Introduction to Legal Ethics
Wherever, whenever, and however a legal professional practices, she is always expected to comply with strict rules and laws of ethics -- even when she is zealously engaged in challenging the same laws and rules. That’s an interesting legal dilemma to ponder -- how does a lawyer follow rules that she is actively trying to eliminate? When dealing with the laws of ethics, lawyers have to face what are sometimes awkward challenges and choices, such as:
- When do I report misconduct and when do I keep information about the misconduct confidential?
- Do I hand over evidence to the adversary and the court, or is that evidence confidential?
- What can I reveal to the press? Can I make a deal to write a book about my court case?
- May I ever advocate against a former client?
- What decisions does the lawyer make in a case, and which decisions are for the client only?
- May I bring a case in front of a government agency when one of my new partners just left a job with that agency?
- May I enter into a business deal with my client?
…and a whole lot more.
All legal professionals, lawyers and non-lawyers alike, are expected to maintain strict ethical standards – for the protection of colleagues, clients, the court, and anyone even tangentially affected by a case. The ethical rules guide lawyers in all aspects of their representation of clients. They are integral to every facet of the law and its practice – whether the lawyer is working on a case related to antitrust law, matrimonial law, or environmental law.
Legal professionals need to know what to do when holding a client’s money. Strict guidelines preclude a legal professional from commingling his assets with a client’s trust fund. In certain states, if a lawyer is caught disbursing even one cent from a client’s account for the lawyer’s personal use, disbarment is automatic. Smart legal professionals do not dare toy with their fiduciary responsibilities to clients.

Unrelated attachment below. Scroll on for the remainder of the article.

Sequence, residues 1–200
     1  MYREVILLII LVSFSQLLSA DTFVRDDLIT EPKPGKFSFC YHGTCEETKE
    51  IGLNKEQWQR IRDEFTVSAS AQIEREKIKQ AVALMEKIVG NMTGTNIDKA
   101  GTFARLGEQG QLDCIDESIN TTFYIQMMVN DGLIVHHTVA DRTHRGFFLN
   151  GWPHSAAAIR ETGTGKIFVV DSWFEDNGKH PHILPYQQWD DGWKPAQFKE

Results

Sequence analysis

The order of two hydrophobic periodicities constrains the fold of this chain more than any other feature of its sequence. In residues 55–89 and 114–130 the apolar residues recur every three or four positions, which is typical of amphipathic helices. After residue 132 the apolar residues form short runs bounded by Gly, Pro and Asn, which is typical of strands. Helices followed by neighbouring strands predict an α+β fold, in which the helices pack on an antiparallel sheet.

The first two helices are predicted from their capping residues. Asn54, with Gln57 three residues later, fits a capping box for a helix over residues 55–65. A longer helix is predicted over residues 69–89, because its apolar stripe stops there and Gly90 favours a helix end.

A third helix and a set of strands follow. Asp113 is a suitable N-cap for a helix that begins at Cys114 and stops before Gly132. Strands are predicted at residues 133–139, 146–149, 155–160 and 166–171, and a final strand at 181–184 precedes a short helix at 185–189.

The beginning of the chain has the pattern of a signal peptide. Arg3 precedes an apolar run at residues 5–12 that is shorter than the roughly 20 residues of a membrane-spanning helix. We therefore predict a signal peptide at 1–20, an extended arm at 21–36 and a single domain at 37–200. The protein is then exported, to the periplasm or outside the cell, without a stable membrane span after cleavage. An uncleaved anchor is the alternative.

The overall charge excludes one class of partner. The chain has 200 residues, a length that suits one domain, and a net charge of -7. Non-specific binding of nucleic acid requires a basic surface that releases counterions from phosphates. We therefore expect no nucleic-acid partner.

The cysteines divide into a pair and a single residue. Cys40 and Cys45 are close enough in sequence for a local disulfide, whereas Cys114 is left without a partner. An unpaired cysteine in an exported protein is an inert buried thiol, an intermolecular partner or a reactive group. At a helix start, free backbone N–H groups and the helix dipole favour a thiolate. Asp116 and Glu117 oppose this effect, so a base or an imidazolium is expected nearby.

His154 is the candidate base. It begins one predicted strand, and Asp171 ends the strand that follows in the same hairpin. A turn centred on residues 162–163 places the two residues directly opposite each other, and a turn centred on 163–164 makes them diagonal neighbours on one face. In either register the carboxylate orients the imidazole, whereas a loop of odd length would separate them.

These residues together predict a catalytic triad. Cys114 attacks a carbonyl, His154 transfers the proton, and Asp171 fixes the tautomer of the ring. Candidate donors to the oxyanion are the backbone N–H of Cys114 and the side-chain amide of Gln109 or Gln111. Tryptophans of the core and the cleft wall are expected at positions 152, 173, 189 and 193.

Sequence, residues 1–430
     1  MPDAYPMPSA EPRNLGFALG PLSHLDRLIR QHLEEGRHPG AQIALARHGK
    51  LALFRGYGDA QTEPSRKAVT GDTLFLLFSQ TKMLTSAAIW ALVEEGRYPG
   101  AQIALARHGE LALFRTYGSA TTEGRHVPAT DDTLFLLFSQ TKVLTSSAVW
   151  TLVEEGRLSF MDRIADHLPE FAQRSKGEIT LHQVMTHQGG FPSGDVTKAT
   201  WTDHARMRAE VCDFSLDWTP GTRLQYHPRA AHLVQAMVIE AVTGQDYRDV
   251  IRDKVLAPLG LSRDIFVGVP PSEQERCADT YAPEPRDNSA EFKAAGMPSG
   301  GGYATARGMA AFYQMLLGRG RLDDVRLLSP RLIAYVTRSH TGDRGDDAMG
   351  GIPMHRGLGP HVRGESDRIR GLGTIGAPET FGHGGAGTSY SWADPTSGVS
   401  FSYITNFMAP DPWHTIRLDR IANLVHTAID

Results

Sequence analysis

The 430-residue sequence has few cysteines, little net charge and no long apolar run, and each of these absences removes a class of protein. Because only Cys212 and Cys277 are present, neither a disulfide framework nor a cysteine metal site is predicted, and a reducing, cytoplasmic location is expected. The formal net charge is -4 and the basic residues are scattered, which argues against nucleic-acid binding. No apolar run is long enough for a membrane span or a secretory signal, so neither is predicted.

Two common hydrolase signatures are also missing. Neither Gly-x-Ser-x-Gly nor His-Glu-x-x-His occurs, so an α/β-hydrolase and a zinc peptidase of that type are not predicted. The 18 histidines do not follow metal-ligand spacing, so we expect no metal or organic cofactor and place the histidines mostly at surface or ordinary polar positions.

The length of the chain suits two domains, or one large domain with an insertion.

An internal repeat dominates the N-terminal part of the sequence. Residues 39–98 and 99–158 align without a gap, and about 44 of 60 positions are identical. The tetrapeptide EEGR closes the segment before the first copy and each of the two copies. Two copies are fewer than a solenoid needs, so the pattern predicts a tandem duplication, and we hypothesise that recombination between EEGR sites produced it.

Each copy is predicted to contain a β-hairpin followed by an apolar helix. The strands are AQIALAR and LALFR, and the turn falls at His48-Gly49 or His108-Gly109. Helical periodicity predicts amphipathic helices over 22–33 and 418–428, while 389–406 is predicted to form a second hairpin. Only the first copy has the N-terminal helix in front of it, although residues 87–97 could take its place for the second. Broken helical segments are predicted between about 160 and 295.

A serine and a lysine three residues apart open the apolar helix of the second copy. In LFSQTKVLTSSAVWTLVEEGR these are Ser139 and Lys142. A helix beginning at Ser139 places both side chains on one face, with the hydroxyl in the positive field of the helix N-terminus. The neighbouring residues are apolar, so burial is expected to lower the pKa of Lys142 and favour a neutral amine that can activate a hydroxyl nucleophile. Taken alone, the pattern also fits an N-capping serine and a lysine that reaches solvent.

The rules of professional responsibility serve as a roadmap to follow in many common scenarios, such as when a lawyer must withdraw from a case in the event of a conflict. As we will see, conflicts of interest tend to compromise representation, and a legal professional needs to know when these conflicts will trigger a disqualification or force a withdrawal.
The answers to many problems of professional responsibility are rather intuitive, such as what to do if you’re asked by an unscrupulous supervisor to burn a sensitive document. Of course, the age-old defense of “just following orders” – the so-called “Nuremberg defense” – will not protect your career or reputation if you thoughtlessly do what you’re told.
Other issues are less obvious to the uninitiated. For example, if you’re an enterprising paralegal who wants to make a few extra bucks, did you know that you are prohibited from making a deal with an attorney for a “client finder’s fee?” That is considered a form of “fee splitting,” and is disallowed between a lawyer and a non-lawyer.
This material will explore a host of ethical issues and leave you with a better sense of how to deal with them when they invariably cross your path in the workplace.